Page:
By Mary Chang
on Wednesday, 18th April 2012 at 6:00 pm
An invisble man stars (is that the right word?) in Graham Coxon‘ new video for ‘Oh Yeh Yeh’, filmed in black and white. The song features on Coxon’s latest album, ‘A & E’. Watch it below. We’ve got a live gig review of his Gateshead Sage show this past Sunday coming soon on TGTF.
By Mary Chang
on Friday, 30th March 2012 at 9:00 am
I have my suspicions that Graham Coxon is some superhuman or android; how else do you explain his many solo albums, practically leaving his time in Blur in the dusty pages of back history. His latest album ‘A & E’ is being released on Monday (2 April), and he’s got a UK tour lined up for April already. Tickets are on sale now. Listen to teaser track ‘The Truth’ below.
Friday 13th April 2012 – Oxford Academy
Sunday 15th April 2012 – Gateshead Sage
Monday 16th April 2012 – Edinburgh Liquid Rooms
Tuesday 17th April 2012 – Glasgow Garage
Thursday 19th April 2012 – Manchester Sound Control
Friday 20th April 2012 – Sheffield Leadmill
Saturday 21st April 2012 – Nottingham Rescue Rooms
Monday 23rd April 2012 – Brighton Concorde
Tuesday 24th April 2012 – Cambridge Junction
Wednesday 25th April 2012 – London Forum
Friday 27th April 2012 – Gloucester Guildhall
Saturday 28th April 2012 – Bristol Trinity
Sunday 29th April 2012 – Exeter Phoenix
Monday 30th April 2012 – Falmouth Princess Pavilions
By Mary Chang
on Wednesday, 9th November 2011 at 9:00 am
The holiday season reminds us home is where the heart is…and sometimes in our busy lives, we need to be reminded that there are people who are not as well off as we are, people who do not have a roof over their heads, people that are wondering where their next meal is going to come from. To mark their 40th anniversary, UK homelessness charity Crisis will be holding a special Stand Up and Rock music and comedy gig at the Hammersmith Apollo in London on Tuesday the 20th of December.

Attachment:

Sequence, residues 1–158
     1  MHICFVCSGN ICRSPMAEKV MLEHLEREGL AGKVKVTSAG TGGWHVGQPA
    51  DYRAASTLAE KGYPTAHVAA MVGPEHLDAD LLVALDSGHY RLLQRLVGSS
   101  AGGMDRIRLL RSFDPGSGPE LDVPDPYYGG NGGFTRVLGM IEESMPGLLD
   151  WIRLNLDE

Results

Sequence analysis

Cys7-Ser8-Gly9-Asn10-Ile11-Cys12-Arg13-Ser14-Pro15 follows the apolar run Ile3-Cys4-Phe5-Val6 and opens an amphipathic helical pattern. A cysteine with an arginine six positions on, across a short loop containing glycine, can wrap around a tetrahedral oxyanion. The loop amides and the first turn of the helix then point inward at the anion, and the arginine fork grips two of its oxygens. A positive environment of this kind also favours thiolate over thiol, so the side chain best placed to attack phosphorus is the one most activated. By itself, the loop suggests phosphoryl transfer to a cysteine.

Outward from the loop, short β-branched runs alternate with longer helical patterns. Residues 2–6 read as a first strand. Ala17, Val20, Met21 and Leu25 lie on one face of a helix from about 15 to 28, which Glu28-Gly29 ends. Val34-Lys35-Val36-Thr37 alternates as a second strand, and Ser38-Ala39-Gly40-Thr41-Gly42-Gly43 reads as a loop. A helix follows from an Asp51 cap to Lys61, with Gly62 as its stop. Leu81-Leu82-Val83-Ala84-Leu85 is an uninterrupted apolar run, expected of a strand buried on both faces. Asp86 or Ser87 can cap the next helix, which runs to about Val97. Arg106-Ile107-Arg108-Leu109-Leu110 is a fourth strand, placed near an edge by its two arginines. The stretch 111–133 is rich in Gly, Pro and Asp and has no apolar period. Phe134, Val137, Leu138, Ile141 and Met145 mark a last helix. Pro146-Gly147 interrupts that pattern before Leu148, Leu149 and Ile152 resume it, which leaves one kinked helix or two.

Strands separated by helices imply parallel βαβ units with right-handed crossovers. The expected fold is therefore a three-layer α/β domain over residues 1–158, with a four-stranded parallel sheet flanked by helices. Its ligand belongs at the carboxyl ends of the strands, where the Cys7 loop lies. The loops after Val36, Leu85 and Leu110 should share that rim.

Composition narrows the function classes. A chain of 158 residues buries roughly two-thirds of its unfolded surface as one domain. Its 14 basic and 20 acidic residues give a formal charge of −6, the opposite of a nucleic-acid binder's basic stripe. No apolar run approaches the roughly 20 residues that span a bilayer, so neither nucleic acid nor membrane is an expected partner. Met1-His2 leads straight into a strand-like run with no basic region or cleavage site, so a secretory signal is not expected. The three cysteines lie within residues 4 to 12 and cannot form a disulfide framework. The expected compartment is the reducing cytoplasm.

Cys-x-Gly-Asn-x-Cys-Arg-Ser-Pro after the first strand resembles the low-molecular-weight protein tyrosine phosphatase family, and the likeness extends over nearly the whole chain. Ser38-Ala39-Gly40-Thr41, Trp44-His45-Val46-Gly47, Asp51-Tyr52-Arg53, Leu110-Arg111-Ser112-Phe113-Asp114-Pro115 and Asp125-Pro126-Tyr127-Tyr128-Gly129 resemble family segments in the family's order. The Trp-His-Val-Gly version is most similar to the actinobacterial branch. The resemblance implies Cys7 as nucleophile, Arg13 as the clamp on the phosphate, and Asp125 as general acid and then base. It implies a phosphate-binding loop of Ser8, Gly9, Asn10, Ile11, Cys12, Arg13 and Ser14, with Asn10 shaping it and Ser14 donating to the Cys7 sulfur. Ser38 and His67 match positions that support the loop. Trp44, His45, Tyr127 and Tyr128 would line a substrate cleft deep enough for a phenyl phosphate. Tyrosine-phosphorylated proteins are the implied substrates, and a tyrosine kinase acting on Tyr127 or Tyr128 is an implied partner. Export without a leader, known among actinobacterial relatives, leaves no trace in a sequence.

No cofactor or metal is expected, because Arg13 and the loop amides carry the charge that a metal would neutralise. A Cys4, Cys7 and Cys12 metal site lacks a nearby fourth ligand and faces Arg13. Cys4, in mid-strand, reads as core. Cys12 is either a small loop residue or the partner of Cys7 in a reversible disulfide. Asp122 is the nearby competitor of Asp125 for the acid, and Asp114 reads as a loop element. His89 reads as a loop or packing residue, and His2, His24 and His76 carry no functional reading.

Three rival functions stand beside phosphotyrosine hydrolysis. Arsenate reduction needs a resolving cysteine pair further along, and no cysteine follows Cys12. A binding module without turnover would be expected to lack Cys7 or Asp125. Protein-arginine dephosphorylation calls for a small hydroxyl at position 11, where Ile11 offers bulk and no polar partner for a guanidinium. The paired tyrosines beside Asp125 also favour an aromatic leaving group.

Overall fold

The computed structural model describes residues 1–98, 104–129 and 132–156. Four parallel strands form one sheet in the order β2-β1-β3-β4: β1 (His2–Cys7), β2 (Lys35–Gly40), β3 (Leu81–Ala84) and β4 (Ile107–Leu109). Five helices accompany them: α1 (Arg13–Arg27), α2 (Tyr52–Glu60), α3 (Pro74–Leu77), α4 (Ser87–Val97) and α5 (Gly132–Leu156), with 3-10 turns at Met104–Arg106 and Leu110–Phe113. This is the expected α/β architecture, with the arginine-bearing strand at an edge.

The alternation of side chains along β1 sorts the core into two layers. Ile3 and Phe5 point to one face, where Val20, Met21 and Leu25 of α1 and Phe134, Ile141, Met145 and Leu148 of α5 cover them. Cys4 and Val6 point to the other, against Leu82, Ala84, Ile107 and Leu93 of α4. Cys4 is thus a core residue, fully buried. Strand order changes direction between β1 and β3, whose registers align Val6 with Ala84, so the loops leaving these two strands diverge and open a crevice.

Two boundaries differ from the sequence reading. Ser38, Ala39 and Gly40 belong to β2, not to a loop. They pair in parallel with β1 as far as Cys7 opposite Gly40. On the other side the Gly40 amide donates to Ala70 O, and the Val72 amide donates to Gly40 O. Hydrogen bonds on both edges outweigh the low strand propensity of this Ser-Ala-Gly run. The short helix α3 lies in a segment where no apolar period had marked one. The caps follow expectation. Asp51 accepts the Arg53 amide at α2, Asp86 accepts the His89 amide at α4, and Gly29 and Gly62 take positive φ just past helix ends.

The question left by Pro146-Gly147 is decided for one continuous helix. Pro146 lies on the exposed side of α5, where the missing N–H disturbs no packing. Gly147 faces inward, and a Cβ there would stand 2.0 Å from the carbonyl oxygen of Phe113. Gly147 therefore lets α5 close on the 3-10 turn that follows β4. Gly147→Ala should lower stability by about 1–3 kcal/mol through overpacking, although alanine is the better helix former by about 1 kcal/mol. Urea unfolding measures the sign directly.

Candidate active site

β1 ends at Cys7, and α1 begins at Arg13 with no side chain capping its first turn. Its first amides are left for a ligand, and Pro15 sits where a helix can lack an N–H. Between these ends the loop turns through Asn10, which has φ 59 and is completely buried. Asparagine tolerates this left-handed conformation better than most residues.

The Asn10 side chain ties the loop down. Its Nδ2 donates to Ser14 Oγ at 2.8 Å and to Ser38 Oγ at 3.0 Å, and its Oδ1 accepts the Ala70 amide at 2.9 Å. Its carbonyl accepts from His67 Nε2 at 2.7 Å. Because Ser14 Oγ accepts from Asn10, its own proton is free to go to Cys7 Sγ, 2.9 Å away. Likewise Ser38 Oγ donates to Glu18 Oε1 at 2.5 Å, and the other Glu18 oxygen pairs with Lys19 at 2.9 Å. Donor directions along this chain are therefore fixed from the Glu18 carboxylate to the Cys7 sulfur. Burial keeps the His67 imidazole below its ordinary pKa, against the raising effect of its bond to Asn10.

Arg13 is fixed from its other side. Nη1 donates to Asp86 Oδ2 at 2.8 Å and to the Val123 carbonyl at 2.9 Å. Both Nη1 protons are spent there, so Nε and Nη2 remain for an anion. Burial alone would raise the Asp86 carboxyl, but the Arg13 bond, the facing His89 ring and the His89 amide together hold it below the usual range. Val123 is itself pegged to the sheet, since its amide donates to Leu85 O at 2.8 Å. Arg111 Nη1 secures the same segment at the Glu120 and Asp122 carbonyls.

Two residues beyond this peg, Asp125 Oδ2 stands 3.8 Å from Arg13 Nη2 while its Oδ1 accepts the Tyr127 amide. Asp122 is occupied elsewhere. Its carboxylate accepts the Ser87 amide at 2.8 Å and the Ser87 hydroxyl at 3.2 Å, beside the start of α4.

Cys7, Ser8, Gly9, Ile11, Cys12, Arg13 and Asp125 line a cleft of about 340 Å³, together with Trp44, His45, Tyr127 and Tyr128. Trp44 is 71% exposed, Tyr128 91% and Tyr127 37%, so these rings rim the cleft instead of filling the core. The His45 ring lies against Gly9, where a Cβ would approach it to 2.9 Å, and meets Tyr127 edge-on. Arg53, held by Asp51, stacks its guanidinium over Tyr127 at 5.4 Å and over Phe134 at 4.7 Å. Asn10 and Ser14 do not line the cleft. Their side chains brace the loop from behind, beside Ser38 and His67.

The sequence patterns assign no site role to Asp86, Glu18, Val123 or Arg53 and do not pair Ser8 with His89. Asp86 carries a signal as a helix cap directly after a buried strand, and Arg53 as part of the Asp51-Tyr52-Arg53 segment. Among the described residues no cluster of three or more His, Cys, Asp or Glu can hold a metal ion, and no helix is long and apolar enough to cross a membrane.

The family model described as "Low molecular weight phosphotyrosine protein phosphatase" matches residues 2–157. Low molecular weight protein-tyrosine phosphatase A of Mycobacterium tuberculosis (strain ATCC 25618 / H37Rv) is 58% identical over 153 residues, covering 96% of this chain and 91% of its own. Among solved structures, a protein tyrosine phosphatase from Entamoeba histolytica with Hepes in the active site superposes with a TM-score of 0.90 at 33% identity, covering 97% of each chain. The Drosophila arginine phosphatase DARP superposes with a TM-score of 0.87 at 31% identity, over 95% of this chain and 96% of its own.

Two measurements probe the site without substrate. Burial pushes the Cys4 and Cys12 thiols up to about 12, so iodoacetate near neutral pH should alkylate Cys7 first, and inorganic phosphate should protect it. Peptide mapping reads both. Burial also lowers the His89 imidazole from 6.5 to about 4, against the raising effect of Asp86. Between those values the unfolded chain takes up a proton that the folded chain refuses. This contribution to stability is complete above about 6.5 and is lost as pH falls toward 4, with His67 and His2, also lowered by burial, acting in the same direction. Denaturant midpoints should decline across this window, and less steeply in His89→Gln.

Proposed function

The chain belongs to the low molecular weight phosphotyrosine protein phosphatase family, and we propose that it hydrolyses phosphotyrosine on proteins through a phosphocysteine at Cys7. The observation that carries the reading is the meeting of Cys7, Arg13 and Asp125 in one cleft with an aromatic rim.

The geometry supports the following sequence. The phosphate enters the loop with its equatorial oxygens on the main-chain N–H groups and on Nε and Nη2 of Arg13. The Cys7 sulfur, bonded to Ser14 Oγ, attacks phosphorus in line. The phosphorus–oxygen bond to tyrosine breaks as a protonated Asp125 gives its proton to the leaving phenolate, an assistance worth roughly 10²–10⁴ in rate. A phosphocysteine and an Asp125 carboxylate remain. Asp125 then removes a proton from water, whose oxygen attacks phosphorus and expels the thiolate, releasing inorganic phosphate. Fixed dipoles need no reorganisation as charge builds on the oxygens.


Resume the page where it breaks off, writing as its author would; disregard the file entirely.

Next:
All proceeds from this special Christmastime show will go directly to fund Crisis’s important work and dedication to ending homelessness by delivering life-changing services and campaigning for change. Both standing and seated tickets are available, with ticket prices ranging from £39.50 to £75.00. Tickets can be purchased from Gigs and Tours here.
Scheduled to perform include Paul Weller, who will be performing a full live set of favourites as well as songs from his latest Mercury Prize-nominated album ‘Wake Up the Nation’; Tim Minchin, Graham Coxon, and Jo Brand. The performers will also be joined on stage by The Choir with No Name, an acclaimed choir made up of homeless people, including some that Crisis has helped. The event will be hosted by Ross Noble. More information on the programme can be found on Crisis’s official Web site.
By Mary Chang
on Wednesday, 23rd March 2011 at 9:00 am
We’ve all seen the photos and video of the devastation caused by the massive 9.0 earthquake and tsunami in northern Japan. Now there’s a way you can see some of your favourite acts and help the relief effort at the same time.
Richard Ashcroft, Beady Eye (pictured above), the Coral, Graham Coxon, Primal Scream and Paul Weller will be appearing at a charity gig benefitting the British Red Cross Japan Tsunami Appeal. The gig will take place Sunday, the 3rd of April, at Brixton O2 Academy.
Tickets will be on sale at 9 AM this Friday (25 March) here. For more information on how you can donate directly to the British Red Cross, visit their official Web site.